This reflection was initially posted on January 11, 2017, following oral arguments in Endrew F. v. Douglas County School District.
If you’ll notice, I haven’t posted about the work that I do since the election. This is largely because special education procedures as they exist in this country are unlikely to be directly affected by the incoming administration. (The last major update to the IDEA, the federal special education statute, was cosoponsored by our favorite friend Jeff Sessions in addition to Hillary Clinton, Barbara Mikulski, Ted Kennedy, and Lamar Alexander.)
There are, of course, major concerns about how a DeVos regime, through the encouragement of charter schools and other school-choice mechanisms, might trample the rights of special education students and functionally deprive far more students of the guarantees of a “free appropriate public education”, and much of the relief that can be granted is unfortunately backward-looking and already falls far short of making children whole as is.[NB: These fears came to the forefront in DeVos’s confirmation hearing.]
However, the Supreme Court held oral arguments today, trying to determine exactly what “appropriate” means in a legal context. As stated at oral argument, ten circuits currently use a “more than de minimis” standard to determine whether a school is in compliance in conferring educational benefits on a child.
In this case, a child with autism and behavioral concerns had educational goals set for him that barely changed (or, depending on the year, did not change at all). He also received a proposed behavioral plan that the parents viewed as entirely inadequate to deal with his behaviors. They pulled him out of public school and placed him in a private school for students with autism, where he has been making significant academic progress. Assuming that the parents can prove that FAPE was denied at the public school, they’d otherwise fulfilled the requirements to show that the child’s tuition should be reimbursed.
Most of the argument focused on trying to capture a standard somewhere in between every special education child meeting grade level and a benefit standard that had no teeth. (There is also an interesting Spending Clause piece for conlaw wonks.) However, in passing, counsel for the school district, before getting interrupted with another question, appeared to be setting the stage for making an argument against the private school placement because of the preference toward mainstreaming (that is, a child should be as close to the general education setting as possible in order to prepare them for the real world).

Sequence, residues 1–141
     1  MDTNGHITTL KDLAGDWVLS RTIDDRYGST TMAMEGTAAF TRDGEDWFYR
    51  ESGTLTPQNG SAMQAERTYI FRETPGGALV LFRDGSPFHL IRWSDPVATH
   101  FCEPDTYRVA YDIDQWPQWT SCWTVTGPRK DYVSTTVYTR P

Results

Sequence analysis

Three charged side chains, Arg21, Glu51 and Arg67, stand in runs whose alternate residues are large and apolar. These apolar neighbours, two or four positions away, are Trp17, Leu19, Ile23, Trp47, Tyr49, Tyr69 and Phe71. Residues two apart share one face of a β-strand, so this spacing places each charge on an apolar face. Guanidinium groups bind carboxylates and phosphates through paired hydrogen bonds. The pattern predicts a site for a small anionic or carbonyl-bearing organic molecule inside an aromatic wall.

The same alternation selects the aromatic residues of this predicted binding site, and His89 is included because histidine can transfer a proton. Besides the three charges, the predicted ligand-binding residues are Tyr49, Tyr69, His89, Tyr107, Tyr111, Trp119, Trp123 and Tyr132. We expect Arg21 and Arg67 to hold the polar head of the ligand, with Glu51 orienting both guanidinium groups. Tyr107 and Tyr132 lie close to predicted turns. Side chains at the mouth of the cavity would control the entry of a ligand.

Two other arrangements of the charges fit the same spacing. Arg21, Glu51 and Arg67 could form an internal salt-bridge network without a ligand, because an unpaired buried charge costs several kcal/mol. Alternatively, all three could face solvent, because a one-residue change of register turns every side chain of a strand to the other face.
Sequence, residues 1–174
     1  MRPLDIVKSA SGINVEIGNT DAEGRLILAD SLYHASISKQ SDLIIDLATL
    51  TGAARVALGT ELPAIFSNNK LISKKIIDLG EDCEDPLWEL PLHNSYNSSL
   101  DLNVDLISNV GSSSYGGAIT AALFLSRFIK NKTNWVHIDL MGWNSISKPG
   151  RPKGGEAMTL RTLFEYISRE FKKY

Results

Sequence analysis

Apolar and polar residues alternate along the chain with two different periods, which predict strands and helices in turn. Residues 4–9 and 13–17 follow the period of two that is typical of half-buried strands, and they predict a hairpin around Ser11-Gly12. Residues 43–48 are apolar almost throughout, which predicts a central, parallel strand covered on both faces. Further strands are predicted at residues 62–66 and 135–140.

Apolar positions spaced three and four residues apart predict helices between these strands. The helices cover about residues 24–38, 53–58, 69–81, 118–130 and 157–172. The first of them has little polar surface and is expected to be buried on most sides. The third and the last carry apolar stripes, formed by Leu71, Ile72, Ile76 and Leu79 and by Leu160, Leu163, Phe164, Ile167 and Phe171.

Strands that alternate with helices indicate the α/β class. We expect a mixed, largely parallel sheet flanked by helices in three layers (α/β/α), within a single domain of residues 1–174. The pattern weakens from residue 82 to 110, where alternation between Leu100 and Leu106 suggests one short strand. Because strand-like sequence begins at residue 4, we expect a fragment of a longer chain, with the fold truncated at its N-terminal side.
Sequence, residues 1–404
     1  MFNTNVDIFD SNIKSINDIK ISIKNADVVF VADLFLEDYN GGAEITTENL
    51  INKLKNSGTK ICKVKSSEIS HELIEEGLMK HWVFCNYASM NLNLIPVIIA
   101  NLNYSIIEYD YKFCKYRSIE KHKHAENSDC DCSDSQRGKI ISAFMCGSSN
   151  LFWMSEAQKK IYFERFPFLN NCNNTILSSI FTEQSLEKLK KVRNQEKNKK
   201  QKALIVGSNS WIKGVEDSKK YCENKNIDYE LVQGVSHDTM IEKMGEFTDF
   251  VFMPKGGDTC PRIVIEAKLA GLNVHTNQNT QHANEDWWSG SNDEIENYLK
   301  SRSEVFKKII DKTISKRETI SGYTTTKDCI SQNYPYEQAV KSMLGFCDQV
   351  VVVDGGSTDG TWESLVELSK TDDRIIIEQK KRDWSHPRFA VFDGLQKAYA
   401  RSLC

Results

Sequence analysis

In other words, as the argument goes, the academic and behavioral benefits that had accrued at the private school, which according to the record included this child mastering multiplication, learning to type, and overcoming his fear of public restrooms within weeks, should be tempered by the fact that this child was spending this time outside of the public school setting.
This raises the fundamental tension within the IDEA. The statute requires a free appropriate public education, but within the “least restrictive environment” possible. When the IDEA was first passed, kids with severe impairments tended to get funneled onto a track that led to lifetime institutionalization, regardless of whether they might ultimately be able to be an independent (or partially independent) productive member of society with the right education.
Runaway institutionalization is unequivocally bad. People with special needs cannot and should not be segregated from mainstream society whenever it can be helped. However, in an area where the justices seemed particularly lost, I feel like it is instructive to consider the push toward mainstreaming in the context of what we want our society to look like.
I don’t impute any sort of malice into these comments, but do we think that a child who grows up not making significant progress either academically or socially will be a happier, let alone productive, member of society just because that limited development occurs in a less restrictive setting? Is there somehow any benefit to disincentivizing the effort to increase the quality of life of people who can progress academically? (For what it’s worth, there was general agreement that cost is not an issue for instruction reasonably calculated to confer educational benefit, which seems both obvious and fundamental to me.)
Many of the justices were struggling with how to come up with a broad standard in an area where there is no real prevailing theory as to what works and does not (and probably rightly so). But it seems uncontroversial to me that the trade-off between a more restrictive environment in school and a less restrictive environment as an adult would be fundamentally consistent with the purpose of the IDEA.
The justices, of course, are constrained heavily by the text of the actual statute, since this is the state of our jurisprudence in the 21st century. But there is still room to tilt the balance away from worrying about restrictiveness and actually focusing on—dare I say it—education.
In order to actually fulfill its promise as the great equalizer, our education system must, well, provide equal opportunities. Not only in this context, but in the context of race, class, and so forth.
But also in the context of special education. 6.5 million students (or about one in every eight public school students) currently receive special education services in this country. They must be seen. They must be heard. They must be served.